The device threshold voltage can be determined by the linear extrapolation method in the saturation region to avoid the impact of series resistance21. As shown in Fig. 3(a), the threshold voltage was measured at about −2.74 V, close to the flat-band voltage calculated by the band alignment. This is consistent with capacitance vs. gate voltage (CV) measurements on MOS capacitors fabricated on the same chip, as shown in Fig. 3(b). The photo image of the MOS capacitor is shown in Fig. 3(c) inset. The diamond substrate was grounded, hence at large negative gate biases, holes formed an accumulation layer, showing maximum capacitances. However, the measurement of maximum capacitance at accumulation regime for different frequencies from 1 kHz to 1 MHz, shown in Fig. 3(c), clearly indicates the impact of series resistance: with increased measuring frequency, maximum accumulation capacitance drops. Even at 10 kHz in Fig. 3(b), maximum capacitance only reaches 19 pF for a 50050-μm2 MOS capacitor, about half of the theoretical value (38 pF) based upon the SiO2 thickness. Only at very low frequencies can the theoretical value be reached due to much less impact of the series resistance. This is consistent with other frequency-dependent studies for diamond MOS capacitors10. Taking the series resistance into account, the maximum accumulation capacitance at various frequencies can be calculated as \({C}_{pm}=\frac{{C}_{p}}{1+{({R}_{s}\omega {C}_{p})}^{2}}\) where Cpm, Cp, Rs and ω are measured maximum capacitance, intrinsic maximum capacitance, series resistance and measurement frequency, respectively. The equivalent circuit is shown in Fig. 3(c). At accumulation region, the parallel conductance (1/Rp) is much smaller than the conduction of the capacitor. Hence the circuit is reduced to two components at accumulation regime. As shown in Fig. 3(c), the model and measured data show good agreement on the general trend of frequency dependency. The disagreement might originate from the interface charge on non-ideal diamond/dielectric interface. The ohmic contact in our devices is formed on nominally 1019 cm−3 boron-doped diamond. Although the doping in contact regions is much higher than that in the channel, it is still a much-less-than-typical 2–5 × 1020 cm−3 doping level needed for metal-to-insulator transition in diamond. Due to incomplete ionization, only less than 0.1% boron is activated at room temperature, leading to much larger contact resistance. This explains the frequency dependency in MOS CV measurement. To further understand this and explore the device’s capability, a similar diamond FinFET was measured at higher temperature. Fig. 4(a,b) show the measured IV at room temperature (RT) and 150 °C respectively. They were drawn in the same scale. Fig. 4(a) inset is the RT data redrawn in a different scale to show the transfer characteristics. At room temperature the maximum drain current is about 838 nA for −16 V bias on gate and drain. By operating the device at elevated temperatures, the current is increased by a factor of 35 to about 29 μA with the same bias. Through a TLM structure, the ohmic contact resistances at RT and 150 °C were extracted to be 493 ohm*mm and 47 ohm*mm, respectively. For 1019 cm−3 boron doping, the activation efficiency was calculated to be 5 × 10−4 at room temperature. At 150 °C the activation efficiency increased to about 5 × 10−3. This is consistent with the conduction current increase as shown in Fig. 4 and the reduction of the contact resistance.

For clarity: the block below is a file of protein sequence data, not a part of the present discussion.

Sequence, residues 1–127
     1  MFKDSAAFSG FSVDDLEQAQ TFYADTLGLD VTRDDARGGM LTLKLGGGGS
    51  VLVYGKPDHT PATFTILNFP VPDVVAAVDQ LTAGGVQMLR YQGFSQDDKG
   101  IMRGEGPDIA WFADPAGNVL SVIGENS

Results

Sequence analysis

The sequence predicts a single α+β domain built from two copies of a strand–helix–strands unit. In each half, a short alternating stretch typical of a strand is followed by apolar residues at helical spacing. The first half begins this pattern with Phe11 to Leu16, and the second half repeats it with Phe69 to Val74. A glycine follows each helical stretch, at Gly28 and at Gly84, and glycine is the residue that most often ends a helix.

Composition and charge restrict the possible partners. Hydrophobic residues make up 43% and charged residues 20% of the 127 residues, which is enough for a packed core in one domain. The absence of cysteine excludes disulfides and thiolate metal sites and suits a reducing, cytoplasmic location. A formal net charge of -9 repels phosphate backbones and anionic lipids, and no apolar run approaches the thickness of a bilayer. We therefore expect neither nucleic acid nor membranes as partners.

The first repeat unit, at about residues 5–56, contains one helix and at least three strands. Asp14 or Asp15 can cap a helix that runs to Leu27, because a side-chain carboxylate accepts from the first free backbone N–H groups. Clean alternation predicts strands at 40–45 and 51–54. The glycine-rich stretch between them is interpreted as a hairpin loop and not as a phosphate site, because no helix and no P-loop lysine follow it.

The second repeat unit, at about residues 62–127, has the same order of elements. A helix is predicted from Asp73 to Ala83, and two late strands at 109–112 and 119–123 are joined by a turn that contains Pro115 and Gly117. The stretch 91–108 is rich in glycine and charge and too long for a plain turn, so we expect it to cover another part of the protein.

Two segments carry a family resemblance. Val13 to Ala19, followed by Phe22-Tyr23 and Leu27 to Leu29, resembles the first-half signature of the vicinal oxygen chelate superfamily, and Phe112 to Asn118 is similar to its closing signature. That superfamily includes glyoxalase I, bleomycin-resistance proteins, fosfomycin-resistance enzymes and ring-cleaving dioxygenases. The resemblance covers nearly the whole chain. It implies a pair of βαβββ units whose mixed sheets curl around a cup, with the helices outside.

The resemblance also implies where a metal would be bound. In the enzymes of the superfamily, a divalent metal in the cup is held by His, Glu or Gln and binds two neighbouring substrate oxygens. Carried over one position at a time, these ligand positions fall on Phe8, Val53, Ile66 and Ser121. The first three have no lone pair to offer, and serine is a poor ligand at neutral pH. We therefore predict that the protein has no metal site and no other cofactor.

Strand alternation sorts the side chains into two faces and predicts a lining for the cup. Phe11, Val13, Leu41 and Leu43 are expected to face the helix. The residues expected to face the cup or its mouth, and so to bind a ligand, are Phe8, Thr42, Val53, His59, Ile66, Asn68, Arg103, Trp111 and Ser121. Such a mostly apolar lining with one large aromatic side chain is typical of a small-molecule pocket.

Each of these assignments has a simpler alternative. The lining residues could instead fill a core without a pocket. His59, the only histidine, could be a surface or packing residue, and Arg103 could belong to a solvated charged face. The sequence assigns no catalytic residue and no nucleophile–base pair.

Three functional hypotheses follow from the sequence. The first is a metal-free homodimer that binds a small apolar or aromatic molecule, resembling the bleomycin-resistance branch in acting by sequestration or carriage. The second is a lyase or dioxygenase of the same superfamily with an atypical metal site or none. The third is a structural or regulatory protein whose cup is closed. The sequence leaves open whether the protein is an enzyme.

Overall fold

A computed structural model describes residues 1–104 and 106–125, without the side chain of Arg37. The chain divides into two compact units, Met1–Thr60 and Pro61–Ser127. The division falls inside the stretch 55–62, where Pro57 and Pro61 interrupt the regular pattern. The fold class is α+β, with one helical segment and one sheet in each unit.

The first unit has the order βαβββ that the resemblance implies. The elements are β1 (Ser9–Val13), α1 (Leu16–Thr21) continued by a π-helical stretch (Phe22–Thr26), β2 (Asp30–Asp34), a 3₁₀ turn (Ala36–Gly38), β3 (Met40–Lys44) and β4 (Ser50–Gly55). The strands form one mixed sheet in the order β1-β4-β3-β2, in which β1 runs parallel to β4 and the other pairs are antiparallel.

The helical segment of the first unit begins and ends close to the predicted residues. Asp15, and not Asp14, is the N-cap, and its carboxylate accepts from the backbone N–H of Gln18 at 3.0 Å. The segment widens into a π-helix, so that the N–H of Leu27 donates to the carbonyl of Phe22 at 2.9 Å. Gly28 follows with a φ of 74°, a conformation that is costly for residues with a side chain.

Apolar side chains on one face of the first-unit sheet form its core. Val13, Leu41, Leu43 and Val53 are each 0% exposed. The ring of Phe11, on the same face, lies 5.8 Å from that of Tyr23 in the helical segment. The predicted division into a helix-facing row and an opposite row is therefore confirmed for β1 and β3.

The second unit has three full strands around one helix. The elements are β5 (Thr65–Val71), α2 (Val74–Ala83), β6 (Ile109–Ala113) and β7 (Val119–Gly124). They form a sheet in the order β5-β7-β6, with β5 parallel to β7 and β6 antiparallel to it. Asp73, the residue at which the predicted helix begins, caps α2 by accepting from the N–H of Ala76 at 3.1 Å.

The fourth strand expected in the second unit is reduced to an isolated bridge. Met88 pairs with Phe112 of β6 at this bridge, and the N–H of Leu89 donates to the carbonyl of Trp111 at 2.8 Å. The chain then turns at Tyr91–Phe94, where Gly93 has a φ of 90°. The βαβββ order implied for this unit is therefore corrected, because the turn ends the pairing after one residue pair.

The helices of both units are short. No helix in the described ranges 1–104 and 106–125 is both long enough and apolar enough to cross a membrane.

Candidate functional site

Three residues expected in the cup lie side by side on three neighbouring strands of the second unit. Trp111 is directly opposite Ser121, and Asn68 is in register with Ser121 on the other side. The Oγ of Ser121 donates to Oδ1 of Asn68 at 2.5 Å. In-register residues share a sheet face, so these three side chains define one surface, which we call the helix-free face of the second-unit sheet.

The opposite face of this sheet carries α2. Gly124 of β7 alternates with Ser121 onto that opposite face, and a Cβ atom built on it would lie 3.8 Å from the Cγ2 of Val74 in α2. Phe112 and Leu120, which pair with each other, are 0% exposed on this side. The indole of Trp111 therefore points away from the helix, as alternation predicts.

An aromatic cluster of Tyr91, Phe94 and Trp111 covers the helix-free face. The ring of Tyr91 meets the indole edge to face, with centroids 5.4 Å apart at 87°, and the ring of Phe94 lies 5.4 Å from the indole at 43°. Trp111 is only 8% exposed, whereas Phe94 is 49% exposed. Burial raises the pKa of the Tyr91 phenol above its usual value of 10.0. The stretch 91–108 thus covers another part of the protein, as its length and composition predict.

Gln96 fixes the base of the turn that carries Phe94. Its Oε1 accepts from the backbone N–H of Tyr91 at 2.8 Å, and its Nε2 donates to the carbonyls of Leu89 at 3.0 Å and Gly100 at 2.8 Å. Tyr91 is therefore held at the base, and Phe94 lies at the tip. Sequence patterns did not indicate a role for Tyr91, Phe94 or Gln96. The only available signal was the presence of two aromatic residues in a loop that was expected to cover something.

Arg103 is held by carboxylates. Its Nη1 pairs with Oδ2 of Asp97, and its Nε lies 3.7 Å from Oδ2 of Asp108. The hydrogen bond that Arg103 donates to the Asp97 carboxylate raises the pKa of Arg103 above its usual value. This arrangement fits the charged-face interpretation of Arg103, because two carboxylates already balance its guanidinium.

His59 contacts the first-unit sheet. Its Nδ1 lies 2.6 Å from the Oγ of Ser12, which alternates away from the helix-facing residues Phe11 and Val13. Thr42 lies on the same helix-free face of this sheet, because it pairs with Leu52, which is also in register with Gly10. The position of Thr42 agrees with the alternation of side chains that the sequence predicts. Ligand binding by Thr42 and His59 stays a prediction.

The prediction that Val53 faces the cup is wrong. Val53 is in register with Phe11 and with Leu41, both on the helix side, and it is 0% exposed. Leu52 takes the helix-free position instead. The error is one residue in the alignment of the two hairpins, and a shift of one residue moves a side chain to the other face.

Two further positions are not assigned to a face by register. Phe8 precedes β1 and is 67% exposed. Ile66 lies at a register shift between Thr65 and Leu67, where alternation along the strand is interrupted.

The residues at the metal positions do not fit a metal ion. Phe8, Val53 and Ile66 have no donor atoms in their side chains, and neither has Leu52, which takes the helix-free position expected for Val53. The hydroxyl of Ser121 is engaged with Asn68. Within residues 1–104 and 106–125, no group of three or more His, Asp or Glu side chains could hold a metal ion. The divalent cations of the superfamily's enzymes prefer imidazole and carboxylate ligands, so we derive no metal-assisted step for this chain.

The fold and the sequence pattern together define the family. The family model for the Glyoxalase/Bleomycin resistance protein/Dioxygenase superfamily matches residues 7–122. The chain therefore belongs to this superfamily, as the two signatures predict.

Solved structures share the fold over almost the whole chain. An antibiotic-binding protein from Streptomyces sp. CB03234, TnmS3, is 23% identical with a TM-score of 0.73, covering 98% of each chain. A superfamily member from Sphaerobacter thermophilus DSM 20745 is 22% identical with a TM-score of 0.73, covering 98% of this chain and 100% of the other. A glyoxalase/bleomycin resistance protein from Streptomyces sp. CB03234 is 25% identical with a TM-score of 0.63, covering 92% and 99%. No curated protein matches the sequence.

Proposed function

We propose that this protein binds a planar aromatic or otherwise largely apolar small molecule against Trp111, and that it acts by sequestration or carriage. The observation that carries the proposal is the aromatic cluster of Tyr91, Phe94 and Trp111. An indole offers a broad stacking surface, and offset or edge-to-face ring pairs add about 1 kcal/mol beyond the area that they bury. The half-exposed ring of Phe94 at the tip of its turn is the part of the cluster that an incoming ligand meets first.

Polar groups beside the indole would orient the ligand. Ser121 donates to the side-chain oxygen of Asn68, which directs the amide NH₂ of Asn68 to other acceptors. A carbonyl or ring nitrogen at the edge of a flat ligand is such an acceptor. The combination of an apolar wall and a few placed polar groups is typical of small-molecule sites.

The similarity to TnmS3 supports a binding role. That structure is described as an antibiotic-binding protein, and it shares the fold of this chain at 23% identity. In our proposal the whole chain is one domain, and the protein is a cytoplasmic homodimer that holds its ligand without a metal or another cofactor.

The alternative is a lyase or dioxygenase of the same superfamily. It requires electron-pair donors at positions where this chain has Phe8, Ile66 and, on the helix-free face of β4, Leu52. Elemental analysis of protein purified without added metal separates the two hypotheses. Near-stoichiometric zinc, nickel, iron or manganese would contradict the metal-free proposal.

Figure 3